Now that you know how to solve the first problem in Problem set 1, you have to graph the answer. I used matplotlib. The website for this plotting module can be found here.

Here's a copy of code to plot the data for ps 1:

#Plots x1 vs x2 for Problem 1 of the Stanford machine learning class

from pylab import *

import numpy as np

import numpy.linalg

from math import *

x1,x2=np.loadtxt('q1x.dat',unpack=True)

y=np.loadtxt('q1y.dat',unpack=True)

# we need to show when h=.5 as a line to separate the data. h=.5 when

# theta transpose x =0. so 0=theta0 +theta1*x1+theta2*x2

# solving for x2 give -theta0/theta2-theta1/theta2*x1

a=np.array([min(x1),max(x1),1,0.01])

b=-(-2.6205)/1.1719-0.7604/1.1719*a

plot(a,b)

# Use different colors and markers to plot x1 vs x2 if y=0 or y=1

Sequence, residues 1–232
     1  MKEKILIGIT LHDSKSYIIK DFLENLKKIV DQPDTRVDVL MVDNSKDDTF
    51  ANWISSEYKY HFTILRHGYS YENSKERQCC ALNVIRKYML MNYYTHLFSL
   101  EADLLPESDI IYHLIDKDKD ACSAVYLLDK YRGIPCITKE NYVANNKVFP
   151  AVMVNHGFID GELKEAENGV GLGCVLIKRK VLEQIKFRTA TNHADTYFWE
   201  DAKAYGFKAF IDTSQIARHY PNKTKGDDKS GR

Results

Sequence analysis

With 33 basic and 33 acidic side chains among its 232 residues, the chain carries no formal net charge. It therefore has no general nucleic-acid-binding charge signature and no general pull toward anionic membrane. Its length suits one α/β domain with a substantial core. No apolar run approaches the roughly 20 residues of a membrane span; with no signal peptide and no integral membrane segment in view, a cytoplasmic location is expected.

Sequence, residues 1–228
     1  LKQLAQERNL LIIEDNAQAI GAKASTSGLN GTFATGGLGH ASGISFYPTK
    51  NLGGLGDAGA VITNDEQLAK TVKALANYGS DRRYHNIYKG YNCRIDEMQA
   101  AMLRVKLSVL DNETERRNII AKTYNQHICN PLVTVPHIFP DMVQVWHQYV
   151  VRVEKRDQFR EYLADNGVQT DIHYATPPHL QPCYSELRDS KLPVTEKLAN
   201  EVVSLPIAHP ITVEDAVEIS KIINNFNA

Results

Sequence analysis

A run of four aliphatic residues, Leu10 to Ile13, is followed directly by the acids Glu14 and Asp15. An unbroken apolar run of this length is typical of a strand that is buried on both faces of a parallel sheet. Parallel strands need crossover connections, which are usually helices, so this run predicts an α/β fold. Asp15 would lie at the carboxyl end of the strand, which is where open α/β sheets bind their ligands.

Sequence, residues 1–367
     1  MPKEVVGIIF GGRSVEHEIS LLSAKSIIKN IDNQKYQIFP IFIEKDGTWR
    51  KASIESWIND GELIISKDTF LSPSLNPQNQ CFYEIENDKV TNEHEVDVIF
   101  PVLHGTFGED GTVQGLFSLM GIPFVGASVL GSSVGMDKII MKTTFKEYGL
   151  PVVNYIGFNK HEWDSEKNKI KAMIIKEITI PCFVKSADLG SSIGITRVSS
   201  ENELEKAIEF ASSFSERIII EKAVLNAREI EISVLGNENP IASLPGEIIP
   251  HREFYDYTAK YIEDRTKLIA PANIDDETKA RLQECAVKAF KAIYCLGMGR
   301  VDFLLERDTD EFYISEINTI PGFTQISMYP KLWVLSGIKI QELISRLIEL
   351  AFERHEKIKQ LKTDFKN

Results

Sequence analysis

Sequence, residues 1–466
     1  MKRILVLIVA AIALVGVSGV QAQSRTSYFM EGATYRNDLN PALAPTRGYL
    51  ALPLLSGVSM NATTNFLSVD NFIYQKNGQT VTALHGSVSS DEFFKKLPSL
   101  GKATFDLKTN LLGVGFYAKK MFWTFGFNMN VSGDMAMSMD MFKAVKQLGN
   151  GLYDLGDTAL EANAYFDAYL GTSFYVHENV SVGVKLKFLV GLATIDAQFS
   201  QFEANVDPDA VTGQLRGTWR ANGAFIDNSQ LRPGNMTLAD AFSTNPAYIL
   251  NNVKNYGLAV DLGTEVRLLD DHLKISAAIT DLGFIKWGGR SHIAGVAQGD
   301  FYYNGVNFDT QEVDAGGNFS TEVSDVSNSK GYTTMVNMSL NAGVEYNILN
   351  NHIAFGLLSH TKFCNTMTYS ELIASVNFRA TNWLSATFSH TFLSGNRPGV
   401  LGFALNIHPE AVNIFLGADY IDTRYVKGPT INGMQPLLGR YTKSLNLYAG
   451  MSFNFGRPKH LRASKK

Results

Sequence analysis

for i in range(0,98):

if y[i]==0:

plot(x1[i],x2[i],'ro')

if y[i]==1:

plot(x1[i],x2[i],'bx')

xlabel('x1')

ylabel('x2')

show()

I used a for x1 and b as the calculated value for x2. Plotting a vs b gives that beautiful straight line across the plot.

One of my previous posts talked about expecting the unexpected in numpy. It happens again in this little short program. This line:

a=np.array([min(x1),max(x1),1,0.01])

was not what I though it was. I thought this gave me a list of values between the minimum of x1 and the maximum of x1. I was wrong. Here is what this actually gives:

print a

[ 0.57079941 7.7054006 1. 0.01 ]

If you want a list of values, you need to use this code:

a=np.linspace(min(z),max(z),25)

This gives 25 values between the minimum and maximum of your data set.

The rest of the code is very straight forward. Just set up a loop. If y=1, the data plots as a red circle. If y=0, the data plots as a blue x.

I know I have posted this graph before but it is so pretty, I'm going to post it again:

## No comments:

## Post a Comment